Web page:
The United States Senate has confirmed Seattle civil rights attorney Tana Lin to become a U.S. District Court Judge for the Western District of Washington. She will be the first former public defender, and first Asian American, to serve here on the federal bench. The Senate vote to confirm her Thursday was 52–45.
All 45 nay votes came from Republicans. Senators Susan Collins, R‑Maine, and Lisa Murkowski, R‑Alaska, broke ranks to support the nomination.
Voting Aye: Democratic Senators Patty Murray and Maria Cantwell (WA), Ron Wyden and Jeff Merkley (OR), Jon Tester (MT), Republican Senator Lisa Murkowski (AK)
Voting Nay: Republican Senators Jim Risch and Mike Crapo (ID), Dan Sullivan (AK), Steve Daines (MT)
Lin is the third judge confirmed this year to a distinguished but lately depleted federal court that sits in Seattle and Tacoma.
Grant County Superior Court Judge David Estudillo was confirmed in September, and, with her confirmation earlier this month, Lauren King became the first Native American to serve as a federal judge in this state.
The three judges were nominated by President Biden on recommendation from U.S. Sens. Patty Murray and Maria Cantwell, D‑Washington.
A trio of confirmations, in five weeks’ time, is unusual in the slow-moving Senate, particularly with sustained opposition.
Senate Republican leaders Mitch McConnell, R‑Kentucky, and John Cornyn, R‑Texas, voted against cloture on the Lin nomination, and opposed confirming the nominee. Vice President Kamala Harris had to appear as President of the Senate on Wednesday to break a tie on another nomination.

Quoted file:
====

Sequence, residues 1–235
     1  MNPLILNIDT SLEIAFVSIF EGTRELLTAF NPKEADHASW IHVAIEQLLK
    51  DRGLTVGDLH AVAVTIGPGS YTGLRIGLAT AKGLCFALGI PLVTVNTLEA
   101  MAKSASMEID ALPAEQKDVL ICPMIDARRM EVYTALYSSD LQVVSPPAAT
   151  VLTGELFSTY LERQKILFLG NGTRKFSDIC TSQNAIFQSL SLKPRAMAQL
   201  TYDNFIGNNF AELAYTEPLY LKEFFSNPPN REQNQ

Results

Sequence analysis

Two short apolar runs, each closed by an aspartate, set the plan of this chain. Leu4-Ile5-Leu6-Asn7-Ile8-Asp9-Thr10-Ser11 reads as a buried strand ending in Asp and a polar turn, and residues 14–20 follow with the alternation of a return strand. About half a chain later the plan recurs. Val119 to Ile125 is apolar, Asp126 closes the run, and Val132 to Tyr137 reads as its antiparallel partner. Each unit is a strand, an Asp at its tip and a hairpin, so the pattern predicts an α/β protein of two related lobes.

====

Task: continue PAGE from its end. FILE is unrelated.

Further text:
“As an Asian American woman, the barriers Ms. Lin has faced have inspired her to fight for equal justice and access to promote diversity within the legal field,” Cantwell said in a statement.
Soon-to-be Judge Lin is a graduate of Cornell University and the NYU Law School. She worked as a public defender in Washington, D.C., and in the Civil Rights Division of the U.S. Justice Department. She has served as board chair of the American Civil Liberties Union of Washington.
“It matters, quite a bit I think, when a federal judge has represented clients who can’t afford to hire their own lawyer,” Murray said in a Senate floor speech.
“It matters that Ms. Lin has represented Washington State farmworkers dealing with wage theft. It matters that Ms. Lin stood up for refugees and immigrants against unconstitutional executive actions.”
The Western Washington district is one place where the Trump Administration did not pack the federal bench.
It began the year with just two active judges – Chief Judge Ricard Martinez and Judge Richard Jones – while relying on work of nine senior judges.
The local bench has delivered far-reaching rulings.
Judge James Robart delivered an injunction, later upheld by the U.S. 9th Circuit Court of Appeals, that halted the Trump Administration’s first Muslim travel ban. A nasty Trump tweet decried what he called “a so-called judge.” Robart later appeared on “60 Minutes” to discuss the hate mail and threats he received.
A 1974 ruling by U.S. District Judge George Bolt upheld the right of treaty Indian tribes to half of Puget Sound’s salmon catch.
U.S. District Judge William L. Dwyer, in 1992, ordered a halt to U.S. Forest Service timber sales on spotted owl habitat in Washington, Oregon and Northern California. At the time, old growth forests were being cut down on federal land at a rate of 60,000 acres a year. A ruling by Dwyer, which threw out Washington’s term limits initiative, was echoed in a later decision by the U.S. Supreme Court.
Judge Boldt was a nominee of President Richard Nixon. Judge Robart was nominated to the federal bench by George W. Bush. Judge Dwyer was nominated by Ronald Reagan, at the insistence of Senator Slade Gorton, R‑Washington. Gorton would later become a bitter critic of Dwyer’s spotted owl ruling.